Guinevere Gets Sober

Recovery news, reviews and stories, by Jennifer Matesa.

Book Review: Gabor Maté’s In the Realm of Hungry Ghosts

In the Realm of Hungry GhostsIn the Realm of Hungry Ghosts

Close Encounters with Addiction

Gabor Maté, M.D.

North Atlantic Books, 2010

Hungry Ghosts is a brilliantly conceived, richly researched and eloquently written account of a decade of encounters with addicts and addiction. Maté offers a deeply insightful understanding of how addiction arises in ordinary people’s lives and how to open ways toward transformation and healing.

Maté is the staff physician for the Portland Hotel, which provides housing and medical care to addicts in “the drug ghetto” (as he calls it) of the Downtown Eastside of Vancouver, B.C. Portland Hotel residents often have mental illness, HIV, sexually transmitted diseases, and other life-threatening problems besides drug addiction. This book not only tells the stories of his patients and his work treating addiction, but he also models the kind of compassion toward addicts that he’d like to see happening in society. “Facing the harmful compulsions of my patients,” he writes, “I have had to encounter my own.”

Gabor Maté, M.D.

The “hungry ghost” image in the title comes from a Buddhist story about the “denizens of hell”: the inhabitants of this realm have small mouths and large, empty bellies, representing the “aching emptiness” that the active addict feels and seeks to fill with things outside the self.

Not “Why the Addiction,” but “Why the Pain”?

Maté is a Hungarian Jew born in Budapest in 1944, two months before the Nazis occupied Hungary. While he was still a baby, his grandparents died in the genocide. He believes his early life was deeply scarred by the horror of that time: though the Jewish kids were dearly loved by their parents, “they inhaled fear, ingested sorrow. . . . What they knew—or, rather, absorbed—was their parents’ anxiety.”

One of Maté’s central messages is: The question is never, “why the addiction?” but “why the pain?” The addict, he says, has usually sustained similar traumas in childhood that result in certain traits that are common to addicts: poor self-regulation, lack of boundaries between self and other, a sense of deficient emptiness, impaired impulse control, and an inability to self-regulate under stress.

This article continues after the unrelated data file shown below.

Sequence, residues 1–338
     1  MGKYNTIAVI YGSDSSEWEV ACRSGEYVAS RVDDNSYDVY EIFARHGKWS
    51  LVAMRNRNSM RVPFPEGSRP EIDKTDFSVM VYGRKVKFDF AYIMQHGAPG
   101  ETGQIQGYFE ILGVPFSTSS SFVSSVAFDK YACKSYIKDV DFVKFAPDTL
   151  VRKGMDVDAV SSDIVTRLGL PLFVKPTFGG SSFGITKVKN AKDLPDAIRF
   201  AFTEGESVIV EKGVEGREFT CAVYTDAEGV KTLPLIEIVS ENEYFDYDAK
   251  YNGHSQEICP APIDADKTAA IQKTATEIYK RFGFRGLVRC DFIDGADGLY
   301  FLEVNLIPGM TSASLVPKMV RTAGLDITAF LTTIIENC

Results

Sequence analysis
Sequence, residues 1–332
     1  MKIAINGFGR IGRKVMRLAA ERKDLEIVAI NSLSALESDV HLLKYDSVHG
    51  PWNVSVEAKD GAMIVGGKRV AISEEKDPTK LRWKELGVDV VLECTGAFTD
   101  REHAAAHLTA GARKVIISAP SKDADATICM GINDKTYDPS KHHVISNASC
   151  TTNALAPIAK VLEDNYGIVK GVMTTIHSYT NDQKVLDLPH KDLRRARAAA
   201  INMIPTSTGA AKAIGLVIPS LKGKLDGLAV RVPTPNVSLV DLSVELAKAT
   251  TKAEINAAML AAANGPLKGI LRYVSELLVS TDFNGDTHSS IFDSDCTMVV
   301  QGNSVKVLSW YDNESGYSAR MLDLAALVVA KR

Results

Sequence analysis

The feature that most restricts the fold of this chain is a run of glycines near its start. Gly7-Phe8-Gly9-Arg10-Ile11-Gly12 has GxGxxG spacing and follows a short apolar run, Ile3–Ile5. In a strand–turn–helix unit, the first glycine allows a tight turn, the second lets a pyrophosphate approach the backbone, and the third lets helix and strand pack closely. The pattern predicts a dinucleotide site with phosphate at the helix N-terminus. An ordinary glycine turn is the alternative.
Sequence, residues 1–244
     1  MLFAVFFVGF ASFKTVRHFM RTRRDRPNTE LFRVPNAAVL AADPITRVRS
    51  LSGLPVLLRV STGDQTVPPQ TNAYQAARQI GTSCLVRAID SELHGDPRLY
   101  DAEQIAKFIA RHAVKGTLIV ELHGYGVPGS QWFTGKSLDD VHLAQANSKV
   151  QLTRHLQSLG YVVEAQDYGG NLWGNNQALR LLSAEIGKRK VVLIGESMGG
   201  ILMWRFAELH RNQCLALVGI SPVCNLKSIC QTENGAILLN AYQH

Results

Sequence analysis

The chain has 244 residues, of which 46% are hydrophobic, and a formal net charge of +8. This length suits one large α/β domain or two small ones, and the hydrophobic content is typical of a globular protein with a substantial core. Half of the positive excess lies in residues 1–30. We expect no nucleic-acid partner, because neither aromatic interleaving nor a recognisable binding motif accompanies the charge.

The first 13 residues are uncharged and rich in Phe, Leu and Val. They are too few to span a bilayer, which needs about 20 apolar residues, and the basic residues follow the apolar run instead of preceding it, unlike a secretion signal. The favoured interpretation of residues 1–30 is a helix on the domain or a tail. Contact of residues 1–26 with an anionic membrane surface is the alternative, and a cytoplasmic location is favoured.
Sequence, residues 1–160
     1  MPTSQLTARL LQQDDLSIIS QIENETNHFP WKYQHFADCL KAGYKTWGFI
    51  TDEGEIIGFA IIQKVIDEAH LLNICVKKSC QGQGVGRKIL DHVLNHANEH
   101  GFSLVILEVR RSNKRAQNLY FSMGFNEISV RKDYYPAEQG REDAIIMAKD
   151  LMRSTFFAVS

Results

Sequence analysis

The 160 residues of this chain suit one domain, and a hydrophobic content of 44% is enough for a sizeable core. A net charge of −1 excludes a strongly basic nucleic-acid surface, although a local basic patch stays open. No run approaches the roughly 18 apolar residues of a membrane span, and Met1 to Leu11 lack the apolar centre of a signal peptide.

Maté sees himself as a workaholic and compulsive shopper—he once dropped $8,000 in one week on classical-music CDs—and he identifies these compulsions as true addictions, though of a less life-threatening sort than the drug and alcohol addictions of his patients.  He attributes his addictions to his compulsive need to anesthetize the deep terror he “absorbed” as a child, growing up in decimated post-war Europe, before his family emigrated to Vancouver. His examination of his own history not only gives him compassion for the suffering of the addicts he treats, but it also provides his readers with a unique understanding of the origins of addiction and possibilities for its treatment—and for addicts’ ultimate transformation.

Genetics: Are We Doomed to Become Addicted?

Maté debunks the popular idea that we “inherit” addiction or alcoholism. He quotes several addiction specialists as determining that “there is no gene for alcoholism” and that “the liability trait for alcoholism is not static”—in other words, becoming an addict or alcoholic depends at least as much upon ever-changing environmental factors as it does upon genetics. He uncovers the weaknesses in addiction-research based on studies of twins. He argues that genes influence temperament and sensitivity, which go on to influence the way we experience the environment.